The blog

Dream Day

Have you ever done a dream day exercise? It’s quick, easy, and can give you a perspective shift or some good insight.

If I got to design one full day, here’s what I would do:

  • Sleep in until I woke up naturally (no kid sounds interfering with my slumber)
  • Write in my journal
  • Meditate for 15 minutes
  • Get the kids off to school (in my perfect day scenario they get dressed by themselves, eat breakfast without help and make their own lunches while we all have a lovely conversation about what they want to do to contribute to society when they grow up)
  • Walk to my favorite breakfast place with M (which is not within walking distance but that doesn’t matter for now) where we read the paper and chat about everything and nothing
  • Walk back home and get ready for a quick interview with O Magazine for a feature they are doing on my book during which I come across as articulate and charming and not at all nervous.
  • Meet up with some friends for a fun lunch and something active (kayaking, another walk, tennis?)
  • Come home in time to meet up with Matt to pick up the kids from school (they are glad to see us and full of great energy)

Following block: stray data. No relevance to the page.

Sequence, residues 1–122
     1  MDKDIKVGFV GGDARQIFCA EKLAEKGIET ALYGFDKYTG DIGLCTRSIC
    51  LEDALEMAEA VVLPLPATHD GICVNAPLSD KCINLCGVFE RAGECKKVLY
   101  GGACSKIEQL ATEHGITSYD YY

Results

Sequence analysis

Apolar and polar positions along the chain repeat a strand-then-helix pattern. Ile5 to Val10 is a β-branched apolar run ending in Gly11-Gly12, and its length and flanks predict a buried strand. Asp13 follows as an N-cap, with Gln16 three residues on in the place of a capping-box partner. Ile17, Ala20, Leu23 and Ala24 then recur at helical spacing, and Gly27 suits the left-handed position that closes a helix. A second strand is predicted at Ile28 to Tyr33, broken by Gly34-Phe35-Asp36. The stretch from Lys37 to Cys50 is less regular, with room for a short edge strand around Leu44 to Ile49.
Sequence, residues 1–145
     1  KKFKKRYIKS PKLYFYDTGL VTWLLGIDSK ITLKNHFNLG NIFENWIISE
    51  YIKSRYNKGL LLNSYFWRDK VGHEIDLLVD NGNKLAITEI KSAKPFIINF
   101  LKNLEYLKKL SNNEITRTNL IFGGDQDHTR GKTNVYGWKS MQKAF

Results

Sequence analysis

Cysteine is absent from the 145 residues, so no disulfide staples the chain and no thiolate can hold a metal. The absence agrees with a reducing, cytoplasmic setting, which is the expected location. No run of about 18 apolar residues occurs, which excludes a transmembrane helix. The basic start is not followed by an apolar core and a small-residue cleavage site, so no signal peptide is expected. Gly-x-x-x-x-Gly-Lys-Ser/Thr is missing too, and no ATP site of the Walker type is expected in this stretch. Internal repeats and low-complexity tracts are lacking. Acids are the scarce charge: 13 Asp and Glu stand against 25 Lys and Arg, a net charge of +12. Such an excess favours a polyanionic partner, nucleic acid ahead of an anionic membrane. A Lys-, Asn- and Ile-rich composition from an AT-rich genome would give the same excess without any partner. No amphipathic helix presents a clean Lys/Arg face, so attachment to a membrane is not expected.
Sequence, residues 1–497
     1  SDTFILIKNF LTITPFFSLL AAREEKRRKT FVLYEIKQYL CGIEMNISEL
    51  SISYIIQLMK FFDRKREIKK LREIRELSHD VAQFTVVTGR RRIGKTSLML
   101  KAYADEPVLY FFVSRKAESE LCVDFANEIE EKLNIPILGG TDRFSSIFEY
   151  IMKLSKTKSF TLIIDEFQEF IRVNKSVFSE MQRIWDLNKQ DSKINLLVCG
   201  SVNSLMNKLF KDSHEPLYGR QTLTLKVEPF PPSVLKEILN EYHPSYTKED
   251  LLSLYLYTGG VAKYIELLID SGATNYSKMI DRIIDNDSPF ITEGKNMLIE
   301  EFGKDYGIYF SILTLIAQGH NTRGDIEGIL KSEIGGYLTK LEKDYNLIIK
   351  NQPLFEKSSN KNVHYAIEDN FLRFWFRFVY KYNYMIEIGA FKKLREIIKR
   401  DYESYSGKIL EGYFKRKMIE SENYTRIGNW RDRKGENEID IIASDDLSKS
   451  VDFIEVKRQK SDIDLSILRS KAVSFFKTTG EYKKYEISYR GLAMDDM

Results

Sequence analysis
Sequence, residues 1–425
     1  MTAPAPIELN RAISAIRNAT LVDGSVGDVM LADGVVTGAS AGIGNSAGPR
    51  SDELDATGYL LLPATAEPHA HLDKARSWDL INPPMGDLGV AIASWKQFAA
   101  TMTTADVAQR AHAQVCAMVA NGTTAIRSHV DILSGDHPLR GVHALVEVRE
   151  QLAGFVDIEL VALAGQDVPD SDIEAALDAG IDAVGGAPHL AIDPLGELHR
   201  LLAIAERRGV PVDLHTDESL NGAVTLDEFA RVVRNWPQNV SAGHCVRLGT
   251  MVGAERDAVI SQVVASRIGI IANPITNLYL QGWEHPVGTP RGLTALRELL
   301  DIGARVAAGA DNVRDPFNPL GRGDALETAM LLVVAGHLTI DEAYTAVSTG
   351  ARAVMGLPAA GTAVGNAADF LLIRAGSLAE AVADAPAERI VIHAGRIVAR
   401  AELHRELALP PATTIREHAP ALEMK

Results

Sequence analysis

• A family bike ride to the park and to get ice cream (during which everyone is happy and nobody falls)
  • A yummy dinner out with family at a Mexican restaurant near Lake Washington (in this dream world, the kids are not picky eaters)
  • Home to get the kids to bed (where they fall asleep immediately due the large doses of fresh air and laughter)
  • Play games and chat with M on the deck (it’s warm in this dream and yellow jackets don’t exist)
  • Read a really great book for a while and fall asleep in the comfort of my own bed.

My day is pretty simple, really, but it points to some of the things that are most important to me: family, variety, accomplishment, simplicity, wholeness.

Now, what’s yours? If you have ten minutes to get a bit dreamy, this exercise really is worth your time.

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